The City of Vernon is offering up tips on stream-side maintenance and who is responsible for protecting private property. (Morning Star - file photo)

The City of Vernon is offering up tips on stream-side maintenance and who is responsible for protecting private property. (Morning Star - file photo)

Vernon residents reminded to prepare for rising stream levels, maintenance

The city has offered up reminders about who is responsible for maintenance on private properties

The City of Vernon is offering some reminders for property owners about streamside maintenance and who’s responsible for protecting private property.

Riparian areas link water to land. These lands border streams, lakes and wetlands. Both the WSA and RAPR are regulated by the provincial government and not municipalities. Streams are Crown land and are not the property of the city. Therefore, the city cannot approve work to take place in or about a stream.

Each year, the city receives inquiries from residents about who owns creek channels and who is responsible for maintenance or bank stabilization on properties adjacent to creeks or streams.

Private property owners are responsible for protecting their property from flood and flood-related risks.

“If property owners or the general public have a request regarding tree or vegetation maintenance, bank stabilization or the removal of debris in or about a stream, the city will direct the inquiries to the appropriate agency for approval,” said the city in a release.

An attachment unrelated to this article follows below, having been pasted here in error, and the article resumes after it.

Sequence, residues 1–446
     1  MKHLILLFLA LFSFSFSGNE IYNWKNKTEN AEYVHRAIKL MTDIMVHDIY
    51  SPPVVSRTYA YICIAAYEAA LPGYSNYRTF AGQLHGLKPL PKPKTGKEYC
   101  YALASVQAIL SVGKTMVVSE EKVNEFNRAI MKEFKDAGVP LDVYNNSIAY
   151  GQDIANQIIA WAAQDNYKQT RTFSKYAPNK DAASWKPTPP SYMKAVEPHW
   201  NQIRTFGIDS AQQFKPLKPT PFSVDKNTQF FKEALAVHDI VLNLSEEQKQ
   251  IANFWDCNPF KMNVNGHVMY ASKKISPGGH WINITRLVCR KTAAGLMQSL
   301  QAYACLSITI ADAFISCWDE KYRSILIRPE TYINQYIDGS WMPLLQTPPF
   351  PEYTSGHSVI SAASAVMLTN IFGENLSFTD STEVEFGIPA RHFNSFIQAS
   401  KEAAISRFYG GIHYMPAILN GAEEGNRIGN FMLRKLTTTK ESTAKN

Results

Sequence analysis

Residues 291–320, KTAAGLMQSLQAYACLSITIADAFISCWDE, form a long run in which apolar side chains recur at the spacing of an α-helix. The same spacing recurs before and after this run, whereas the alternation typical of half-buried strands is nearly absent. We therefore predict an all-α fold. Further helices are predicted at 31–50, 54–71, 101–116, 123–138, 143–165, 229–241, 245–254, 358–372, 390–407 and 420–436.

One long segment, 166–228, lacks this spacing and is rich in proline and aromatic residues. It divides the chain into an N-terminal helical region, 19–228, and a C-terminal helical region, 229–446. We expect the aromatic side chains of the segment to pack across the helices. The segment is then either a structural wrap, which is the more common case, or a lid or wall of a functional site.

Private property owners may be required to engage a qualified professional and obtain permits from the Province to address their concerns. The same conditions apply to the City.

If residents are conducting yard maintenance on their properties, they’re reminded to discard branches and pruning material properly, and not to place this material in creek channels, where it could become a hazard.

As the weather continues to warm up and preparations continue for the spring freshet season, the city encourages all property owners adjacent to creeks and streams to consider whether they are prepared for rising water levels and what steps they may need to take to mitigate risk and protect their property.

Sand and sandbags are available for public use at the City of Vernon Operations building (1900-48th Avenue). The sand pile and sand bags are located outside the east entrance to the operations yard located on Pleasant Valley Road. Residents are reminded to bring their own shovel to fill sandbags.

PreparedBC provides information to help prepare and protect yourself, your family, and your property from potential flooding. It also provides flood protection information you may need to consider, in consultation with your home insurance provider.

If you are near a stream or waterway, please exercise caution and stay away from creek banks, particularly with children or animals. For more information from the BC River Forecast Centre regarding spring freshet and snow conditions, please visit the province’s website.

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